The original plan of the house can still be read on the interior. To the south is the original library and entrance hall, now combined into one space. On the upper floors are bedrooms with steeply sloping walls reflecting their locations within the gables. The attic retains some original floorboards and four paneled doors with original knobs. The interior retains much of its historic plan and some historic fittings, but much of the interior detail has been lost.

References[edit]

  1. ^ a b "National Register Information System". National Register of Historic Places. National Park Service. 2008-04-15. 
  2. ^ National Register of Historic Places Registration Form description
  3. ^ Cyrus Lawton Obituary, NY Times
  4. ^ A. J. Davis and the Gothic Revival, Edna Donnell, Metropolitan Museum Studies, Vol. 5, No. 2 (Sep., 1936)
  5. ^ National Register of Historic Places Registration Form, section 8, page 2
  6. ^ "Wildcliff Youth Museum", manuscript printed by the City of New Rochelle, in collection of New Rochelle Public Library (New Rochelle Museums - Wildcliff File)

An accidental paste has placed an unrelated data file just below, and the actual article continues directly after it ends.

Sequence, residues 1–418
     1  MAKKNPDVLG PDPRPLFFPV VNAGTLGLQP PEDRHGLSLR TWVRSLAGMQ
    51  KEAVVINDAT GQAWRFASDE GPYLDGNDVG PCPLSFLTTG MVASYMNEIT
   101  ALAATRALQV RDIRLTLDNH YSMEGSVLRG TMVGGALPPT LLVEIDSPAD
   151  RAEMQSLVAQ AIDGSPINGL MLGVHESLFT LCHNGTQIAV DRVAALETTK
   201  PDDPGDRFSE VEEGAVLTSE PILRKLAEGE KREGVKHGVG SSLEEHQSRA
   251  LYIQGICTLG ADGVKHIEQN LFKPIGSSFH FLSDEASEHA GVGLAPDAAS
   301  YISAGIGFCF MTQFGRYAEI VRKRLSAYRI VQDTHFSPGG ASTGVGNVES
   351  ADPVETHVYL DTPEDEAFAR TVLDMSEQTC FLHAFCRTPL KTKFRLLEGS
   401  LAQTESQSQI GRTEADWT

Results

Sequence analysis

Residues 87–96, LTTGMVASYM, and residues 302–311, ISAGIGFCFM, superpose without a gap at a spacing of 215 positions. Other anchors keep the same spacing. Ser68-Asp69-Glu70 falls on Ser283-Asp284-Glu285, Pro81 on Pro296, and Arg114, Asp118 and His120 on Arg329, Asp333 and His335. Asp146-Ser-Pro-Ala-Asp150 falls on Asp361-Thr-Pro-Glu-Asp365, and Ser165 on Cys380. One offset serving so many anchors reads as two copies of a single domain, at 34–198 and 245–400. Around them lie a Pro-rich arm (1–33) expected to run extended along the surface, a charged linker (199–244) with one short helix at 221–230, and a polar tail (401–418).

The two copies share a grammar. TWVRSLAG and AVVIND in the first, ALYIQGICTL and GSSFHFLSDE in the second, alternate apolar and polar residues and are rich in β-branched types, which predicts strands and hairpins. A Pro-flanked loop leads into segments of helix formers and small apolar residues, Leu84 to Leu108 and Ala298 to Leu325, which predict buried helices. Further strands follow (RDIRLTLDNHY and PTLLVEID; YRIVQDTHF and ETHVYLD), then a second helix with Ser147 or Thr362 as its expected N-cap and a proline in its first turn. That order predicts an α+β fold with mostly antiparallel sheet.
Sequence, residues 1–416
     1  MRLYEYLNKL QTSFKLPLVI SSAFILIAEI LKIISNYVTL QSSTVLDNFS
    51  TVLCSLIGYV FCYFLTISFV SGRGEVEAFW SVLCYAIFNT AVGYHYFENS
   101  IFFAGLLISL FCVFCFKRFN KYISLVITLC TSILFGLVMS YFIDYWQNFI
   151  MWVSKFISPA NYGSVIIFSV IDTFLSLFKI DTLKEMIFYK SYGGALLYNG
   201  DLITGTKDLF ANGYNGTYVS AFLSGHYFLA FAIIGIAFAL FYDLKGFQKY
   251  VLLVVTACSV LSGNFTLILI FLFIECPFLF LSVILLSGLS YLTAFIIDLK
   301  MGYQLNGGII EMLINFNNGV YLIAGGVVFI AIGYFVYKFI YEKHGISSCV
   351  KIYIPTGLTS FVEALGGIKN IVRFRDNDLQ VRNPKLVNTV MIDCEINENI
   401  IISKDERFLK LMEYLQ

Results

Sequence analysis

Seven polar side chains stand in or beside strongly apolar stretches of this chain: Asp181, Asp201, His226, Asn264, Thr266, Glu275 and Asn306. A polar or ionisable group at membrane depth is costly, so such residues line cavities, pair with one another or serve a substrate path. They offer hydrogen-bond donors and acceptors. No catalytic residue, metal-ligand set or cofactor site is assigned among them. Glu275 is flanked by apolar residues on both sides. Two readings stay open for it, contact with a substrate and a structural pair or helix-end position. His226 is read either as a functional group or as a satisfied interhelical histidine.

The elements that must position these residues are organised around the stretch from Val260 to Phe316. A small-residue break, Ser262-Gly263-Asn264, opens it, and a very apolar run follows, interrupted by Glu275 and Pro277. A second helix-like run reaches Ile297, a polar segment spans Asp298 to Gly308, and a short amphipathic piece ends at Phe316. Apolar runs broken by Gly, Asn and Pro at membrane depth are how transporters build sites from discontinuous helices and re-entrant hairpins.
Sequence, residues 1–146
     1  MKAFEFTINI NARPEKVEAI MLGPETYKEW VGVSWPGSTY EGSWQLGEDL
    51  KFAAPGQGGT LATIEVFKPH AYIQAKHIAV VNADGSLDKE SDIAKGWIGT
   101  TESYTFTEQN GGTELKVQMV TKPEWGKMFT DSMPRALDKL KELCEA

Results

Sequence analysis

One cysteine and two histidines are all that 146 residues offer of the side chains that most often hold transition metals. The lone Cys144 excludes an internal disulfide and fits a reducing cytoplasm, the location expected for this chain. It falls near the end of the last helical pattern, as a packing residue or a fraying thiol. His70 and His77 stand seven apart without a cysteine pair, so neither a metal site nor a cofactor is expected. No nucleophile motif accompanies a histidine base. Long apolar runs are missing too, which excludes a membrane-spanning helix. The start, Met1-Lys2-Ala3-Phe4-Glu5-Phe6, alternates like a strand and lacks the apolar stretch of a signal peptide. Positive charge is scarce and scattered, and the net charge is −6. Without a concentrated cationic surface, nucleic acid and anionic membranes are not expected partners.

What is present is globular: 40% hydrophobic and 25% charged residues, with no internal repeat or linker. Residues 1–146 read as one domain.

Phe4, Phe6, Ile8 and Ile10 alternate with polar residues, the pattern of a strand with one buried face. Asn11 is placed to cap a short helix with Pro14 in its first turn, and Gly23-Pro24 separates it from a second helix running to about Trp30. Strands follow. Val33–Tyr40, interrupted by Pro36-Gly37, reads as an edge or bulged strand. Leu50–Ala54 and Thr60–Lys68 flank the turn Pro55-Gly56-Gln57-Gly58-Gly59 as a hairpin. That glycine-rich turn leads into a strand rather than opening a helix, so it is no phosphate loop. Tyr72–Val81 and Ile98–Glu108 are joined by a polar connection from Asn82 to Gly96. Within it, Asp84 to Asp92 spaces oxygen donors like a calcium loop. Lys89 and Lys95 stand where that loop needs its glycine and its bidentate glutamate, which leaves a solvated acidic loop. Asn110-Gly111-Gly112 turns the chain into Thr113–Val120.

7. ^ The Preserver - Highlighting New Rochelle's Rich Past
  8. ^ National Register of Historic Places Registration Form,section 8 page 7
  9. ^ Jen's Community at Wildcliff>
  10. ^ National Register of Historic Places Registration Form, section 8, page 7
  11. ^ Roberta Hershenson, Vision Takes On Reality as Group Inches Closer to a Stage of Its Own, The New York Times, March 26, 2006
  12. ^ 2006 EPF Grant Awards, Office of Parks, Recreation and Historic Preservation, October 20, 2006
  13. ^ Andrew S. Dolkart and Peter D. Shaver (June 3, 2002). "National Register of Historic Places Registration: Wildcliff / Cyrus Lawton House". New York State Office of Parks, Recreation and Historic Preservation. Retrieved 2010-06-19.  and Accompanying 6 photos, exterior and interior, from 2002
  14. ^ National Register of Historic Places Registration Form, section 8, page 6

See also[edit]

Media related to Wildcliff (New Rochelle, New York) at Wikimedia Commons

  • Davis, Alexander Jackson, Day Book vol.2, October 1853 - December 1869 (collection Columbia University, Avery Library)
  • Davis, Alexander Jackson, Diary' [Journal] (collection Metropolitan Museum of Art, Department of Prints and Drawings)
  • Peck, Amelia, ed., Alexander Jackson Davis: American Architect 1803 - 1892. New York: Metropolitan Museum of Art and Rizzoli, 1992.